The premises behind Redefining Love are not new. Love is messy. Be accountable. Set healthy boundaries. The nature of good and evil. Shame cycles. Toxic relationships. Like so many others, I did not dig into these topics until I was motivated by personal crisis.
My first response was to panic, which led to fear. Fear fueled anger that clouded my judgement and destroyed my happiness. My response to crisis is so common. We simply aren’t taught by our culture to respond with love first. I want to change that. I imagine a world where Redefined Love is everyone’s first response. I want to change the culture.
Most of us don’t like taking sides, and yet so often we do. In fact, our culture demands it. The two-party system of American politics requires that we align ourselves with either the right or left, us or them, leaving little room for compromise.
I often watch culture with the detachment of someone who, like many others, doesn’t feel I fit neatly into either extreme. I listen to others debate whether or not we should build a wall around ourselves, and I am intrigued.
I’ve lived a city mouse/country mouse sort of life. I have experienced intense culture shock right here in my own country. I can tell you, the chasm between urban and rural is vast. As is the gap between North and South, East and West, rich and poor. Dismissing these cultural disparities is at best uninspired, and at worst, dangerously naïve.
There are invisible walls already constructed all over this country.
Certainly, I can’t be the only one who sees this.
People are different
It certainly would be simpler if everyone spoke the same language, worshipped the same religion, held the same values, and lived in the same culture. But that doesn’t work on several levels: 1) How boring! And 2) That’s simply not the way it is. Why whine about something we can’t change?
People are different. You may not like it. It may make you uncomfortable. But complaining about it isn’t going to improve the state of things.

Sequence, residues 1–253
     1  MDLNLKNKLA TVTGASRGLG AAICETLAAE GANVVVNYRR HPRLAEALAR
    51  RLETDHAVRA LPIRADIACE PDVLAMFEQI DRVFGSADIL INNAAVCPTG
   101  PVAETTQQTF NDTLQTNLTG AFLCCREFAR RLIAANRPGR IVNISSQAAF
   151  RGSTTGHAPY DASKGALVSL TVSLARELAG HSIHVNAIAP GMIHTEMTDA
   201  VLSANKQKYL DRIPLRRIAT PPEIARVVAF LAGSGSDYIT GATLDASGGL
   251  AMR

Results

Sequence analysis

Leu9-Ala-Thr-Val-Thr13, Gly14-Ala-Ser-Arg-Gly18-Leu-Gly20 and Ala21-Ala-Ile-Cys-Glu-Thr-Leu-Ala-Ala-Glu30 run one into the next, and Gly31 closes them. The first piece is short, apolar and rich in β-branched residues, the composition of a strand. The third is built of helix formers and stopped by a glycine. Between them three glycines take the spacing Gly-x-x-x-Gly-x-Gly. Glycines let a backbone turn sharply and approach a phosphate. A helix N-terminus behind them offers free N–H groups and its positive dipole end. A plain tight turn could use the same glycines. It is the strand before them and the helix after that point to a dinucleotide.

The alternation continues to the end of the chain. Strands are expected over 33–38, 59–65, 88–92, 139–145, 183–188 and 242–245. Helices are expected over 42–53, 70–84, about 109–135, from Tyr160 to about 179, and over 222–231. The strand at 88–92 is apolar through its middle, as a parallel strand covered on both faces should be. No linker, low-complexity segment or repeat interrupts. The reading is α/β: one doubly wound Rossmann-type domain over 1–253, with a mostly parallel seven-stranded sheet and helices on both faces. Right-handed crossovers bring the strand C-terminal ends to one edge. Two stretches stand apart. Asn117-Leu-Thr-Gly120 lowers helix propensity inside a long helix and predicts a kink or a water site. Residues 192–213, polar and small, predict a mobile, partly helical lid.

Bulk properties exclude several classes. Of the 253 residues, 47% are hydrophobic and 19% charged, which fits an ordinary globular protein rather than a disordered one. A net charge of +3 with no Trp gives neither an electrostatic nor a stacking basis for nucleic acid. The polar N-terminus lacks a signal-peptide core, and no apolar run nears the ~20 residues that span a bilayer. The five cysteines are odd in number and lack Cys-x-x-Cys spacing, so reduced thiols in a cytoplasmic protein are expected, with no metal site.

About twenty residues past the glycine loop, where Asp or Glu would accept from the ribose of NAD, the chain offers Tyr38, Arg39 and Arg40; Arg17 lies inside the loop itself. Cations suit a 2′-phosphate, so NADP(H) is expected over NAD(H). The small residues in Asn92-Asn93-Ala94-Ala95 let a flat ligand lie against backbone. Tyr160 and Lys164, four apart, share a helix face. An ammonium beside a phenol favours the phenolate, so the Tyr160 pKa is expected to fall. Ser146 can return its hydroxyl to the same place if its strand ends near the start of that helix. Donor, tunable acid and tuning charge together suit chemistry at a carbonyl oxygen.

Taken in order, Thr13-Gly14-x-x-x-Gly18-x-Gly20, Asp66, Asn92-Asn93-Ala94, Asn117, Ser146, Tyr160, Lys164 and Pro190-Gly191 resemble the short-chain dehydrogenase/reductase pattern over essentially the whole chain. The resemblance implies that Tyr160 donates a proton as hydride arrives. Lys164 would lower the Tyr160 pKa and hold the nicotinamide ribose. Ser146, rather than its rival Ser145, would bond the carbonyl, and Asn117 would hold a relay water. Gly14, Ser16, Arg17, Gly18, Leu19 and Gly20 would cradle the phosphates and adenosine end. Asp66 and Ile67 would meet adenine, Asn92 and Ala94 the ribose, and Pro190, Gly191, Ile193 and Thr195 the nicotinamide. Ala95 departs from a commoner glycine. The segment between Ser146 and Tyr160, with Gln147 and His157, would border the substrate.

Individual cultures have been vying for dominance since the beginning of the human race. Cultures rise and fall and are replaced by another culture for a while, until that culture falls. Throughout the entirety of human history, the primary cause of a culture’s demise is its inability to change and grow and accept that people are different.
Outside forces may have delivered the final blow, but the demise of the vast majority of empires began from within. The same goes for large corporations that tank, small family businesses that fail, city governments embroiled in scandal, estranged families, and even individuals shattered by brokenness.
Conflict is not a bad thing
We don’t have to compromise our values in order to accept the reality that people are different. We can still argue passionately for what we believe. We just do so with the understanding that there is always going to be someone who sees things differently.
Accepting that each of us is different is not equal to agreement.
The fact that we are different inevitably means that we are going to disagree. Our knee-jerk reaction to disagreements is defensiveness. We automatically feel threatened, which triggers our fight, flight, or freeze response, which makes rational problem solving impossible.
We have been culturalized to believe that conflict is a bad thing, when in fact it can be very constructive. Conflict is an inevitable and necessary first step to problem solving. The only way a conflict-free world could exist is if a problem-free world existed, which will never be the case.
Attempting to avoid conflict is not only a waste of time because it is impossible, but it is a wasted opportunity for growth and change. It is not the existence of conflict that matters, but how we choose to manage it when it occurs.
The masters of our own demise
Once we can accept that people are different, it becomes easier to speak their individual language. Once we understand that acceptance doesn’t require agreement, we become less defensive. When we become less defensive, we can begin to redefine love. Once we’ve redefined love, we can start constructive problem solving.